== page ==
If it weren't for the giant cup of tea he was sipping throughout his performance at the Warner Theater, you could have sworn that Elvis Costello has been crooning country in Nashville for decades rather than rocking out in his native London. But it's the country Costello that the audience was treated to, throwback honkytonk tracks off of last year's "Secret, Profane & Sugarcane" -- the name coming from the superb six-piece band, Sugarcanes, that played alongside Elvis in D.C.
Leading the Sugarcanes was country and bluegrass veteran Jim Lauderdale, his stellar high pitch blending perfectly with Costello's deep, brassy tones. Lauderdale, who talked to both fans and reporters after the concert, said linked up with Costello three years ago after the two performed at many of the same music festivals.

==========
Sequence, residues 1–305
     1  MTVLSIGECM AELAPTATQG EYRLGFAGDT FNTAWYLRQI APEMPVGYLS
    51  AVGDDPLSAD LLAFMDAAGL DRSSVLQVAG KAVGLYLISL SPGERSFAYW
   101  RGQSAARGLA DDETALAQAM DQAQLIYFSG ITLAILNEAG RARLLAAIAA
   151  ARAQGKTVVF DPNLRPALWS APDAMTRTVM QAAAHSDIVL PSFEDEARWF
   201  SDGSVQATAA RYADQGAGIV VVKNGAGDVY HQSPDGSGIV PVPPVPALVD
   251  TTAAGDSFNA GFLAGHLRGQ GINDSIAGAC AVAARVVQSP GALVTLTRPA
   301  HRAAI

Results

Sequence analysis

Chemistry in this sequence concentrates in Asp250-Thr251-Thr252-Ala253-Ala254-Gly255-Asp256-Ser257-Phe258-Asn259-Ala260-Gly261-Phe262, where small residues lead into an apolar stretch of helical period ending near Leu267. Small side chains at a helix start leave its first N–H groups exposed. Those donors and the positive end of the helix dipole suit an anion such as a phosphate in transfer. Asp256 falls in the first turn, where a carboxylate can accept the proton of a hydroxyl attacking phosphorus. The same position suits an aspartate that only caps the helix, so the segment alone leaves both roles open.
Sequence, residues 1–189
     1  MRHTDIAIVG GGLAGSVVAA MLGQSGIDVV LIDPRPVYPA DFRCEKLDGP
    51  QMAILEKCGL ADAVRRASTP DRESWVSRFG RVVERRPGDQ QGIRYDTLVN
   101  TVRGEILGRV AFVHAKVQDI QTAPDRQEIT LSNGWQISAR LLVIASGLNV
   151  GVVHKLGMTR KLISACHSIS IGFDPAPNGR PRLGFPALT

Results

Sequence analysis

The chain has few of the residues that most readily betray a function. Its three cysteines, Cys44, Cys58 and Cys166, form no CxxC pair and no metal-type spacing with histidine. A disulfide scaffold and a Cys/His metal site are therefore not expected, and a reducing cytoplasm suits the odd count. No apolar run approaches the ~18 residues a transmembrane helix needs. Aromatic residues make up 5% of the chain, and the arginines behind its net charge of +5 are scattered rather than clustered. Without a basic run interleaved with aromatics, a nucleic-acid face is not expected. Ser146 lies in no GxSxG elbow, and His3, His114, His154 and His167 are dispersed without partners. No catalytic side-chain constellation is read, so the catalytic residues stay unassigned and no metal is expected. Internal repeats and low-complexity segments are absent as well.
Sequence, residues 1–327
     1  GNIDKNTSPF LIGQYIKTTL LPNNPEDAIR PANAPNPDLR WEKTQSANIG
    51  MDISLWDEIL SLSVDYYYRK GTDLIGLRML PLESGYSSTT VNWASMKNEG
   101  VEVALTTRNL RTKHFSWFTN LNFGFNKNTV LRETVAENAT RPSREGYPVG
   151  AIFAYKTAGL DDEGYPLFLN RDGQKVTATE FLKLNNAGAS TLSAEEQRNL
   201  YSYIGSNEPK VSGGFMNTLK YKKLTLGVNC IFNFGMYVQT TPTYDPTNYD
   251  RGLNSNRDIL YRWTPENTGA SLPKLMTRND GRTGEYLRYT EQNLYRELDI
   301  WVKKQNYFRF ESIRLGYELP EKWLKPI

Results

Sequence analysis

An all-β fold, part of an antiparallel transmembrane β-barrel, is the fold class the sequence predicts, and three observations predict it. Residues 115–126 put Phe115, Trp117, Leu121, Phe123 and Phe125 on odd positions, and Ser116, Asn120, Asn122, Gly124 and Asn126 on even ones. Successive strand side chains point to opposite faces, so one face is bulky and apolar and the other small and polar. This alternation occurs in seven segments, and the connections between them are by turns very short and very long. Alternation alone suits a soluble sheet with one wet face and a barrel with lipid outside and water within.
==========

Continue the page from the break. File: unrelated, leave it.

Best known for his work in the new wave genre, Costello took a page from his own history book by going country for the first time since his 1981 "Almost Blue" album. And the results were stellar. Costello's live set showcased last year's singles "My All Time Doll" and "Sulphur and Sugarcane," with the Sugarcanes providing mandolin, accordion, bass, fiddle -- and, heck, even the dobro, to go along with Costello's multiple guitars.
In the middle of his nearly two-hour set, Costello invited his most vocal fans to join him up front, saying, "It'll be like a giant tea party." And what a party it was.
For fans of Lauderdale, he'll return to the D.C. area May 20 to perform at the Iota Club in Arlington to promote the soon-to-be-released album "Patchwork River."